Are you familiar with the character "Robin Hood"? He stole from the rich and gave to the poor.
See here: http://en.wikipedia.org/wiki/Robin_Hood
- For Teachers
In Chinese culture, there is a saying "steal from the rich to sponsor the poor"(my translation of that but could have problems) to describe a certain group of people.
Is there something similar to that in English culture? Or how would you paraphrase that? Is the word "sponsor" used properly here?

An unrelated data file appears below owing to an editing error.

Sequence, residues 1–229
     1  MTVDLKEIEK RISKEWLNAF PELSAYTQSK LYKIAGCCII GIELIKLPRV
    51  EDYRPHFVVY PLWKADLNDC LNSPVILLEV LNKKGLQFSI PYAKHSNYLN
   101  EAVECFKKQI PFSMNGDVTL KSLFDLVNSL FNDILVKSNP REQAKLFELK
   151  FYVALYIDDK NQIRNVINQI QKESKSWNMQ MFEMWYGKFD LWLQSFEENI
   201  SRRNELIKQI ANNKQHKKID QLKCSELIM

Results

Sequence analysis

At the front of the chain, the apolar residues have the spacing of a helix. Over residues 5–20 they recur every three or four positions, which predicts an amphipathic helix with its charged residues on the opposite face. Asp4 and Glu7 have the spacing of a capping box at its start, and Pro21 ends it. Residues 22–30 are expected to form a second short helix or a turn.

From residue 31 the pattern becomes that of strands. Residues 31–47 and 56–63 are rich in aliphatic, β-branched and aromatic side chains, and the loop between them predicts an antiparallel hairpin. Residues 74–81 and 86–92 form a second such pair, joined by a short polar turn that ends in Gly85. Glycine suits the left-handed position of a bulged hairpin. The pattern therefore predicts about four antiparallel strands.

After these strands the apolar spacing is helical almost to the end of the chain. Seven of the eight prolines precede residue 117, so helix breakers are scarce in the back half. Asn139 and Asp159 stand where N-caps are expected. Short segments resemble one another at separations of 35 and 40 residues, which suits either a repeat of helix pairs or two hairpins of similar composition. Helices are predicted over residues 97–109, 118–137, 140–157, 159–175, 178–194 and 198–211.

Give suffices, and I wouldn't use sponsor unless the person is doing something like sponsoring a team with the money.
<<<When you mentioned "Robin Hood", it also reminds of the TV series "Leverage".>>>
Yes, I love the show "Leverage".
Pope of the Dictionary.com Forum
The four-character Chinese phrase in question translates as "to rob the rich to help the poor"── quoted from http://zh.glosbe.com/zh/en/劫富济贫
Not a teacher, but a Chinese.
That would work too, though gave is standard in English because of Robin Hood.